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The Treasury’s role in helping sanctioned Russian warlord exposes our failure to tackle lawfare

(Alamy)

4 min read

You could almost hear the sound of dropping jaws. The news that Her Majesty’s Treasury helped lawyers bypass sanctions to help the boss of Russia’s brutal Wagner Group pay legal costs provoked outrage and disbelief in equal measure.

The news came as openDemocracy shared leaked emails that revealed the little-known Treasury Office for Financial Sanctions Implementation licenced Yevgeny Prigozhin to spend thousands of pounds to fly his English lawyers to Russia, to polish the warlord’s case to sue Elliot Higgins, founder of Bellingcat. In a fiery urgent question called by David Lammy, it emerged that ministers have taken a hands-off approach to decisions to write these sanctions waivers – even if the waivers are for warlords. That system is now under urgent review. 

London courts have now become the arena of choice for the rich and powerful to try and silence journalists

The incredible story starts when Prigozhin was sanctioned by America for running troll farms that interfered in the 2016 United States presidential campaign. But in the summer of 2020, Bellingcat began running a crucial series of stories about the Wagner Group, a blood-thirsty gang of mercenaries which hired former Russian soldiers, and its barbarities across Africa, including the alleged murder of journalists. Bellingcat revealed it was none other than Yevgeny Prigozhin at the helm. 

It wasn’t until Christmas 2020 that the Foreign Office got its act together and imposed sanctions on the warlord for running a “deniable military capability” for the Russian state. 

Leaked emails reveal that Prigozhin was alarmed by the Bellingcat’s stories which he thought had triggered the sanctions against him. At the time Progozhin denied being behind the Wagner group and wanted to sue Elliot Higgins for defamation.

The lawyers – having been told by Progozhin that he was innocent and believing that everyone is entitled to legal representation – went to work for months until they ran into a cash flow problem. There was no way of getting paid because Prigozhin was banned from shifting money from his accounts at Sberbank in Russia through to the NatWest bank accounts of the London lawyers. And so, the London lawyers applied to the Treasury for licences on Prigozhin’s behalf for him to pay nearly £5,000 for a luxury hotel, business class airfares, a chunky subsistence payment, a £200 PCR test and express visa charges to fly the lawyers to St Petersburg. And the Treasury gave it a green light.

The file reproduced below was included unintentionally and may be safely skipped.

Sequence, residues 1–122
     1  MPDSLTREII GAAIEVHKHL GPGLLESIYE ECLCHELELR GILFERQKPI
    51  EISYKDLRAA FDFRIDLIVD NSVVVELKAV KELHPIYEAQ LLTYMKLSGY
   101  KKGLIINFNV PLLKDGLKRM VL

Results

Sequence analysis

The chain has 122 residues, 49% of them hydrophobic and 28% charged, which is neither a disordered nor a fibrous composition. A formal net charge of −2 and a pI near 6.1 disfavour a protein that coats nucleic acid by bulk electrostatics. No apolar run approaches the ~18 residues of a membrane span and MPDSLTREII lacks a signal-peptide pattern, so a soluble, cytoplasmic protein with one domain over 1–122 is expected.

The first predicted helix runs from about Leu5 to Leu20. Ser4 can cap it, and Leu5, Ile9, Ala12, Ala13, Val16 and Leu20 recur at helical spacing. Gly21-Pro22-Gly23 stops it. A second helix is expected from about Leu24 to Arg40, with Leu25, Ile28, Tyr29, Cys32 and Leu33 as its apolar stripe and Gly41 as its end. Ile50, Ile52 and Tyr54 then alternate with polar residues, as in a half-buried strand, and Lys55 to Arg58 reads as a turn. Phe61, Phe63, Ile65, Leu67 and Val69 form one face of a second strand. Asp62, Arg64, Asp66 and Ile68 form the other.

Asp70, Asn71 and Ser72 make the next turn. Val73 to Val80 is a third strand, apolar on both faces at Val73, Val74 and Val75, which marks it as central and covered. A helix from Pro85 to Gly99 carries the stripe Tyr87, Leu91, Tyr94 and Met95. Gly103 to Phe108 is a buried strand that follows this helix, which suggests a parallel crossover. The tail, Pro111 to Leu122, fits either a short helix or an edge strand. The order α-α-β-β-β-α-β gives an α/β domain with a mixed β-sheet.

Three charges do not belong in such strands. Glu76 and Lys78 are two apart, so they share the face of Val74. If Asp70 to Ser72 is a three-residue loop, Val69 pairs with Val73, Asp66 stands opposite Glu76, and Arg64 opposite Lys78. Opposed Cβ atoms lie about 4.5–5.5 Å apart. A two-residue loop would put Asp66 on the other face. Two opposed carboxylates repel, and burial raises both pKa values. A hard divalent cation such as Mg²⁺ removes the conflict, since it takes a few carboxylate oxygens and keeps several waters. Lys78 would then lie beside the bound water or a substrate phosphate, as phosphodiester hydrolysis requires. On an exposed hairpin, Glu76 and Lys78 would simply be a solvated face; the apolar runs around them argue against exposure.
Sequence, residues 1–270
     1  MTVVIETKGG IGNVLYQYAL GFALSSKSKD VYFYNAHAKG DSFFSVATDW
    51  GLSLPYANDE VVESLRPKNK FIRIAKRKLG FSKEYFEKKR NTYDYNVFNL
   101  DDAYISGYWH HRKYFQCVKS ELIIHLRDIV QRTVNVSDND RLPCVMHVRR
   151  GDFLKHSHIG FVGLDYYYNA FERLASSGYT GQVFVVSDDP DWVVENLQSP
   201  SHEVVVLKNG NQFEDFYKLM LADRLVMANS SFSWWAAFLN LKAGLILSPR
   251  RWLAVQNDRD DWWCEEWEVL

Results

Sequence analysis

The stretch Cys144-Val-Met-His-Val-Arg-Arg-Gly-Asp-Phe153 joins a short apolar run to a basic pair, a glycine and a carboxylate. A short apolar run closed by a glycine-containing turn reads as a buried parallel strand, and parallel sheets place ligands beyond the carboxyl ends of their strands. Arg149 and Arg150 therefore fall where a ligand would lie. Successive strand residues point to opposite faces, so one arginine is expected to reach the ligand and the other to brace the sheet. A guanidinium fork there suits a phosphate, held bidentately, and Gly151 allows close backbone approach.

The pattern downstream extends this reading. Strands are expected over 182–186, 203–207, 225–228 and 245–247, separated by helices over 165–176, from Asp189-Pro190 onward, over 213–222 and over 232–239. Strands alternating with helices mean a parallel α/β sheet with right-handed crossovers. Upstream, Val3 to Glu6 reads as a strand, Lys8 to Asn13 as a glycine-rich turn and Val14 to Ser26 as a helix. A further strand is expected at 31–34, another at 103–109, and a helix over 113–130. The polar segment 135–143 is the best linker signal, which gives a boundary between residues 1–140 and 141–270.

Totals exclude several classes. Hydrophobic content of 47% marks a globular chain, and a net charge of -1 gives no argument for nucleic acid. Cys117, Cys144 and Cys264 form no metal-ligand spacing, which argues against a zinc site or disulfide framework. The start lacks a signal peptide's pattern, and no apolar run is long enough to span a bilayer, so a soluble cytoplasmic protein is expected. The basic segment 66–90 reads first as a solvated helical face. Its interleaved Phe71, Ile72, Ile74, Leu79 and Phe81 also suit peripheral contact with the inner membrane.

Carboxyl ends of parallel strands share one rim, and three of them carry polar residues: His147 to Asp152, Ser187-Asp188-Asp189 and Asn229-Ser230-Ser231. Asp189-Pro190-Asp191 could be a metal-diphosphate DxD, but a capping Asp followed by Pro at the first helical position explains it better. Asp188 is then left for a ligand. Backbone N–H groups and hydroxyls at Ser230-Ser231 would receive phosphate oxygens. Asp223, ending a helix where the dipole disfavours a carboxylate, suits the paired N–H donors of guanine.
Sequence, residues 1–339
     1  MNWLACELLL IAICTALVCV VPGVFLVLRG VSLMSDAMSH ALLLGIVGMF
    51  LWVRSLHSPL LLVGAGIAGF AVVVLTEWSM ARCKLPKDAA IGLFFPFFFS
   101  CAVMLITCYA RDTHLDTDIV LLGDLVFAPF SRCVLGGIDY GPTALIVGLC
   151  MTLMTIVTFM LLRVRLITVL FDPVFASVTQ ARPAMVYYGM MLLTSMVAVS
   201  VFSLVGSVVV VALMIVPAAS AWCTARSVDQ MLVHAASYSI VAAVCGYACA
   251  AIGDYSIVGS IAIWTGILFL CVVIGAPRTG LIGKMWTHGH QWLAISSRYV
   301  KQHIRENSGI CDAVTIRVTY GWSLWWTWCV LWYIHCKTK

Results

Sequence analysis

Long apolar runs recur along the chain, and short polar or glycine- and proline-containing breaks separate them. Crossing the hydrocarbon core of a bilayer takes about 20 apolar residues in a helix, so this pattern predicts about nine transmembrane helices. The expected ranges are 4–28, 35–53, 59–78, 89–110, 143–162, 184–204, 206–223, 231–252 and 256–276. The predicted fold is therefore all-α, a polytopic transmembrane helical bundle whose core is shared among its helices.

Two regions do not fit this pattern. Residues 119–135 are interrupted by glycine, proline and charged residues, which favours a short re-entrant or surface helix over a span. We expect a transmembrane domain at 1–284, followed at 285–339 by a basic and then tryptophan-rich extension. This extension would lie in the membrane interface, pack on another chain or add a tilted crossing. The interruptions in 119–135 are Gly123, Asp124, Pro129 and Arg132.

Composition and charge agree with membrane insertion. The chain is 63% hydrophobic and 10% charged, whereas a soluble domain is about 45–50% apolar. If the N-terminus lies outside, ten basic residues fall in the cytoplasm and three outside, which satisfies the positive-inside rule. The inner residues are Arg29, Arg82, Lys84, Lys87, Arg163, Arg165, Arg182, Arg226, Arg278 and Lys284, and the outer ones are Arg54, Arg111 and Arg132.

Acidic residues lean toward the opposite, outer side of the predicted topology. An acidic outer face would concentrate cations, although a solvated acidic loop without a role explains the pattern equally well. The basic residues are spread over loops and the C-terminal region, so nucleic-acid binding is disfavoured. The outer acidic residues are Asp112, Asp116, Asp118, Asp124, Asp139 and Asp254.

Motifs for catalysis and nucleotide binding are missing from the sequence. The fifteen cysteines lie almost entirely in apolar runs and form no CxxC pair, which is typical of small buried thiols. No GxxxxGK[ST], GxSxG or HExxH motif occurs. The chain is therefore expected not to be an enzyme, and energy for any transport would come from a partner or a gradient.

In the end, Prigozhin’s London lawyers stopped working for him before it became clear that he was behind the Wagner Group, but the damage had already been done.

It moved Chris Steele, a former MI6 officer in Moscow to exclaim, “In 35 years of observing HMG’s Russia policy, I’ve never seen anything as shocking”.

But the scandal reveals not one but two profound problems with the United Kingdom’s system for tackling economic crime. 

First, there is the blunt question of how ministers could have possibly given officials the latitude – unchecked it seems – to sign off on expenses for a Russian warlord.

But the deeper, darker, question is why Prigozhin chose London as the strike-point to hit at Elliot Higgins. And the disturbing answer is because London courts have now become the arena of choice for the rich and powerful to try and silence journalists. Global Britain is now a global centre for lawfare. 

When the Foreign Policy Centre surveyed investigative journalists, it found that three quarters had received some sort of legal threat designed to shut them up. And UK firms accounted for more of these legal actions than the US and Europe put together. 

MPs on all sides are now determined to change the law and give judges the power to strike out legal actions – known as Strategic Legal Action Against Public Participants, or SLAPPS. Bob Seely has readied a Private Members Bill. My own amendments to the Economic Crime Bill are now on the record. Ministers have said they support a change in the law. But they claim there isn’t yet the time. Meanwhile, the abuse of our courts is grows day by day. And countless stories from countless journalists remain unprinted, unseen and unheard.

 

Liam Byrne is the Labour MP for Birmingham Hodge Hill.

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